Posts Tagged with PHI

posted by adgrooms on May 30, 2019

We have recently looked at the risk of phishing scams in healthcare and how to avoid them. We have seen that the number of patient data breaches has reached one per day in 2018. But why do hackers continue the relentless attacks on healthcare institutions? What are the hackers after? What reward do they receive?

Patient records are incredibly valuable as far as stolen data goes. A patient data record carries a potential wealth of information. A single patient record could contain a driver's license number, credit card numbers, insurance information, and all of the individual's collected medical data.

Once a hacker obtains the data they can sell it in blocks to other criminals. The information can be purchased and used many times over. For example, a criminal can augment the information into false credentials to sell, or the information can be divided up and sold as individual drivers licenses, social security numbers, and insurance cards. And at any point in the sales, the information can be used for other criminal activities.

From the personal identification information (social security number, drivers license, date of birth), the medical record can be used for Identity theft. From insurance card numbers and personal health information, it can be used for health insurance fraud, filing and receiving payment for false claims. The personal health information can also be used to purchase medical equipment, drugs, and even medical procedures.

While a stolen credit card carries an immediate payoff, mechanisms are in place to quickly discover abuse and shut it down. There is no protection mechanism for health data comparable to the protections on credit cards, and there is no limit on the number of times it can be sold and used. The damage to victims of healthcare identity theft can be far-reaching and last for years.

The high value of medical data and the large number of records amassed in health systems will perpetuate the threat of hacking for medical institutions into the foreseeable future. The threats will continue, but the precautions are relatively simple. The key to security is to make access so difficult as to be not worthwhile. We can go a long way toward accomplishing this by remaining informed and vigilant against phishing and keeping passwords secure.

posted by adgrooms on May 28, 2019

Stealing and exposing patient data is, unfortunately, a lucrative activity. Hackers are relentlessly looking for vulnerabilities in institutions that amass personal health data. In 2018 there were 365 data breaches involving patient data, that is one per day! In addition to the personal costs to the individuals who are compromised, data breaches are expensive to the institutions. In 2018, healthcare systems paid out over 28 million in HIPPA fines and penalties.

Although hospital IT departments do a great job of thwarting attacks, having a secure, single-user login is the last line of defense before a breach happens. Hospital systems are increasingly interconnected, and one piece of software treated with lax security could jeopardize the whole organization.

It might not seem like a big deal to share a password among colleagues, especially if there is a rotating staff. It can seem like an administrative efficiency; instead of having to add and remove user accounts periodically, just give the login to new staff. In a trusting environment of medical professionals, it may seem highly unlikely that this practice would lead to a problem, but it does increase exposure to hackers in several ways.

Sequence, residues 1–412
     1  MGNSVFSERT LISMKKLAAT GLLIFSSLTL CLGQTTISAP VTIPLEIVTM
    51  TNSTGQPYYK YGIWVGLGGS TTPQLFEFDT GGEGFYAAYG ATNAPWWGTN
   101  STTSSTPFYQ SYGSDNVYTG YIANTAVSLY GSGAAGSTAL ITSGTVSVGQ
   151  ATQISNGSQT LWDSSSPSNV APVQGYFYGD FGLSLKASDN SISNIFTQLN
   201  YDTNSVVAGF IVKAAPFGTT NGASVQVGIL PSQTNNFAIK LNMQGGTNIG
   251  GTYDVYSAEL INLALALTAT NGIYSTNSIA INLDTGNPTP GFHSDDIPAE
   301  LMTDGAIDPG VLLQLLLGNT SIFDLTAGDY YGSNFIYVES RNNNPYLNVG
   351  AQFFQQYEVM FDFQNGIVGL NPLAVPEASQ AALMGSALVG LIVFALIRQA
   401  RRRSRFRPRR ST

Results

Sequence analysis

First of all, the distribution of a shared login creates opportunities for hackers. If a password is emailed or sent as part of onboarding materials to temporary team members, it can be more easily stolen. Lack of accountability gives a user less incentive to keep the shared login as secure as possible. Use of a login that has been passed around may cause users to save the password insecurely on their computer desktop or a similarly convenient location for easy access. If the password storage device does not have a secure password itself, it can be an easy win for a hacker.

Another problem is the lack of changing the password periodically. Those who use shared logins typically hand out the same password over a long period of time. The more logins that are handed out to team members, the more important it is to change the password from time to time in case the password is mishandled or ends up in a compromised situation. However, changing a password and notifying all users is inefficient and could cause a lapse in access if they don’t receive the notification.

Shared logins also prevent an IT team from tracing the source of a security breach quickly. In the event that a breach occurs, time plays a role in the effectiveness of containment. Single user logins give an easier path to find the attack and shut it down to limit the damage. Many IT departments have policies against shared logins for this reason.

Passwords are highly prized targets for hackers. Not exercising the highest level of security practices in healthcare can lead to compromising patient data. How can we encourage or make it easier for users to never share a login and to change their password regularly?

posted by adgrooms on May 22, 2019

The onslaught of hackers in healthcare never ceases. Personal Health Information (PHI) is so essential and valuable, it is a tempting target. Even with multi-layered security systems in place, some hackers still slip through. Phishing is currently one of the most popular ways to breach the security layers. It is perpetrated by preying on employees through their email. In a recent survey, 83 percent of physicians have experienced a cyber attack. 55 percent of those incidents were the result of phishing. Everyone who works in healthcare and uses email (which happens to be everyone) needs to understand what phishing is, how to spot it, and how to avoid it.

Phishing is a fraudulent attempt to obtain information from you by appearing as a trusted entity online. Often these are so well disguised that even a cautious person could be deceived. They will entice the intended victim to click a link or enter a password, usually with the goal of installing ransomware. Ransomware is a program that encrypts essential data so that only the hacker can access it. For organizations without a failsafe in place, this blocks access to crucial information until a ransom is paid to the hacker, or a painful, expensive, time-consuming data restoration is performed.